nate and i both took some pictures to get a sense for what people thought. though it was mainly positive, we got some vibes from steve buffel, the owner of spyy yo-yo's, who felt that throw down was trying to rip off his design for the hub-spikes on his popuar "radian mk-2" model. nate and i discussed it, and the spikes were changed. nate incorporated of one of my ideas, and from that moment i really appreciated his willingness to listen to his product testers. after a little back and forth on the boards, steve and i reconciled, and became friends at worlds 07. he is a super-cool guy, and his yo-yo's speak for themselves. steve brown was also pretty vocal about hating the design. he felt it "wobbled like it had the dt's", was too sharp to snap start well, and was just generally uncomfortable. to each their own. it IS kind of uncomfortable to catch on a snaggy bind, and don't get me wrong, it COULD kill you... but i kind of like a yo-yo that i have to pay attention to; that i won't always take for granted. i ended up trading the original prototype back to nate, and then i sold the second proto to a collector. although i bought one of the raw ones when they came out, i still really regret that.

after another proto run, the luchador launched in early 2007. nate chose a blue/gray combo for the production run that i never really dug all that much. but it suited the design and incited still more "batman" remarks. the engravings looked great, as did the packaging. the only issue with it from a design perspective was the axle. the luchador launched right up against the 888's, the peak, and the milk, as well as other yo-yo's that had a refined bearing seat, thin axles, and silicone response. by contrast, with its dif-e-yo styled axle set-up, the luchador was a little behind the curve. however, it played as well as any of those yo-yo's, and people liked it a lot.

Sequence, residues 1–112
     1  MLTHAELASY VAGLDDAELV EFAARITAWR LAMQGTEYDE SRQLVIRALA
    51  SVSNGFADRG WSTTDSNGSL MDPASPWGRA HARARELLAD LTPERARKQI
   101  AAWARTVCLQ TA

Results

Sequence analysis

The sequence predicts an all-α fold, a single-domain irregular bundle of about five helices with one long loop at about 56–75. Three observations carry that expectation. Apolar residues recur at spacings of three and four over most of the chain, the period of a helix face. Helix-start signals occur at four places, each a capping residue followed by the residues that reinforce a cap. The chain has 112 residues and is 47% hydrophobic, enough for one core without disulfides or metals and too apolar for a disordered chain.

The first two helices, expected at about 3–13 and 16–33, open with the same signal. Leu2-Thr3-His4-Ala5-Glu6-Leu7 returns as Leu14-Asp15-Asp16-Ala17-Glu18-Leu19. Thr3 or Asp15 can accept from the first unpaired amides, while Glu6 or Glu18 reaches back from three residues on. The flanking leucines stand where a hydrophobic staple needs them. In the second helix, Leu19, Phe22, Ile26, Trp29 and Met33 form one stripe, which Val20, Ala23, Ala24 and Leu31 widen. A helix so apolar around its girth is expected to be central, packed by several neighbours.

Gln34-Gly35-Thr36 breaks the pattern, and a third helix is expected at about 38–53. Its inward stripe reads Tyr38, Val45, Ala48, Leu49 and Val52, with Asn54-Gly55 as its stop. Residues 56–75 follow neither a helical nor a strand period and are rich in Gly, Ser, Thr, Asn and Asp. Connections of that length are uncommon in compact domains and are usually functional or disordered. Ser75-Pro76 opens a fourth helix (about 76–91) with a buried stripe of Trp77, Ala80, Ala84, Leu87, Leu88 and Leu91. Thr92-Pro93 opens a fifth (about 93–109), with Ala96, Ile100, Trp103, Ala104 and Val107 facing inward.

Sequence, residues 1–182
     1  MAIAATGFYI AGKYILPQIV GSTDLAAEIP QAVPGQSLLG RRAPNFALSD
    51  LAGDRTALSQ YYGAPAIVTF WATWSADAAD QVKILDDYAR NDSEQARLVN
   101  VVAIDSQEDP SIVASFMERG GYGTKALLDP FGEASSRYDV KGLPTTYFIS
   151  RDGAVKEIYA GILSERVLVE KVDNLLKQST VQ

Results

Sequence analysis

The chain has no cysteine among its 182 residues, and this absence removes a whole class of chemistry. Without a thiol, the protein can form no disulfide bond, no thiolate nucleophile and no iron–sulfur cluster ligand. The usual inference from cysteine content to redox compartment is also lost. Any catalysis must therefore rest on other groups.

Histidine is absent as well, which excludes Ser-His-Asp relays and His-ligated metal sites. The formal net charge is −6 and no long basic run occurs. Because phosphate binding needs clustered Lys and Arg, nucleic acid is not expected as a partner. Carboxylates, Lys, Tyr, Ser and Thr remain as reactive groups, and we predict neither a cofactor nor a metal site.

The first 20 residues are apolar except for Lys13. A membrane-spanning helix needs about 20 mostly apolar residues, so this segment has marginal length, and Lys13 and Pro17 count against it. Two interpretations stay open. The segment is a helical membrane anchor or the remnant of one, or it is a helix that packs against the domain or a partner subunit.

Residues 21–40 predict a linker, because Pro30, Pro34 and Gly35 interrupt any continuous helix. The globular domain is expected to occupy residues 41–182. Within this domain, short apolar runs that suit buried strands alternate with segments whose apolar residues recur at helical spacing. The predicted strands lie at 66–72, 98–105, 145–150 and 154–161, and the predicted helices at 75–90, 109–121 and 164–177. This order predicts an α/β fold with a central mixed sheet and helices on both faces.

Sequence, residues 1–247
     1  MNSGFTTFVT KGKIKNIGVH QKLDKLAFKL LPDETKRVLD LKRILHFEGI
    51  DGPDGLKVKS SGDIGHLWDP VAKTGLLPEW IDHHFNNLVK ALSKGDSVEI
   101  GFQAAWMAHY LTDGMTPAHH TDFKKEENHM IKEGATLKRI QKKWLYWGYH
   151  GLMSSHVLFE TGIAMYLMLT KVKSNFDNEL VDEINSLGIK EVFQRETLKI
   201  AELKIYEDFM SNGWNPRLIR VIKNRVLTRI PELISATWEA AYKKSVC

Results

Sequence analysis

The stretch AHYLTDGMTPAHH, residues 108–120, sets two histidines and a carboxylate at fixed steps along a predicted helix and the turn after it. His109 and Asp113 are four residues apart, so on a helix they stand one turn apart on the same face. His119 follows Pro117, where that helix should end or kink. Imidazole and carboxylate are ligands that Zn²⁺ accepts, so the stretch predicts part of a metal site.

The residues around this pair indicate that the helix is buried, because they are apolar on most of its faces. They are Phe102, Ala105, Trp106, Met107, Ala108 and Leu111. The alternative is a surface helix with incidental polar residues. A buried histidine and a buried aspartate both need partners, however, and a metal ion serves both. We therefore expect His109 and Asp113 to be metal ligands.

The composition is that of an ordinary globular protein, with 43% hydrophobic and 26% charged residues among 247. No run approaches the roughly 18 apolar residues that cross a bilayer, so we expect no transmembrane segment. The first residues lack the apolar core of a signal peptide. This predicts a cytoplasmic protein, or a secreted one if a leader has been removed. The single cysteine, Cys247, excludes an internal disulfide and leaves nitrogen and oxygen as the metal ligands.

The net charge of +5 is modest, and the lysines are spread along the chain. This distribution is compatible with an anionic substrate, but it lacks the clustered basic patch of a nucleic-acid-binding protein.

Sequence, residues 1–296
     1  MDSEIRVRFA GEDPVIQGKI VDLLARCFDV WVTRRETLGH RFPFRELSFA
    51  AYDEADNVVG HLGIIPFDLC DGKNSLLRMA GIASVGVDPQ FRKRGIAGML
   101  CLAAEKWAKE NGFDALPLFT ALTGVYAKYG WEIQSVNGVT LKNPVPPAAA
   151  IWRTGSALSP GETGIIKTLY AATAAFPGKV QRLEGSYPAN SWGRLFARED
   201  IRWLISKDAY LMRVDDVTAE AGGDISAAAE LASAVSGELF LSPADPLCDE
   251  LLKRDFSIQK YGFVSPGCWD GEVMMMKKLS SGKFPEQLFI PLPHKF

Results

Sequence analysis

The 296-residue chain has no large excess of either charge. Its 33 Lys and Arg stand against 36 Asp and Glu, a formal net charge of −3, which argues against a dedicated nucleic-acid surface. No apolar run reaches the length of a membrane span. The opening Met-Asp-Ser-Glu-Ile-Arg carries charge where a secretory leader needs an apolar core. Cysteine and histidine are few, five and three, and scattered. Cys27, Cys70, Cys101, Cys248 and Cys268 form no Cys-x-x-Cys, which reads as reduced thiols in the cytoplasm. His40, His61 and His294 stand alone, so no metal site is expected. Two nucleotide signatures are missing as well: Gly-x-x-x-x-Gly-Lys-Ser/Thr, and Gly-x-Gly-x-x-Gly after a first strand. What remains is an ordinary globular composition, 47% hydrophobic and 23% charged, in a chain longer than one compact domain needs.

in addition to the freebie nate sent me, i eventually bought one of the second run. i alwas hear people mixing up (or wildly inventing) which run was which. it's pretty easy. the first run had small lettering, darker ano, and no mask on the blue side. the second run had slightly lighter ano, bigger lettering, and a mask on both sides. that's it. the second run looks a little cleaner to me, and i almost never play it on account of the fact that my original still rocks the party.

my 1st run luchador is definitely in my top 5 yo-yo's. although there's always been something about the luchador that didn't quite speak to me, it's a solid yo-yo. i've probably spent more time with this thing in my pocket than any other bearing yo-yo (btw, if you have a luchador in your pocket, DO NOT fall down. it's worse than big keys). i've taken it everywhere. i'm not sure if it's the aluminum or the ano, but i've been able to "spark" my first run several times while walking the dog on pavement. since that's one of the most-requested tricks from kids everwhere, my luchador is pretty heavily scarred, and i like it that way. the sharp angles kind of make it look like it SHOULD be scarred. it took me a long time to find the perfect setup. for me it's the same as my eetzilla setup: a kk bearing, one thin dif, and one black kentaro (broken in), always with yyn highights (yell-o).

since we started prototyping the ronin (more on that someday soon), which is essentially a "modernized" luchador with some new angles tossed in, even my main one generally hangs out on the shelf. but, it still finds its way into my pocket or onto my finger sometimes, and when it does i'm flooded with a wonderful year's worth of wonderful memories.


Anonymous said...

Nice blog

War Of The Fire ©

Anonymous said...

This really makes me miss mine...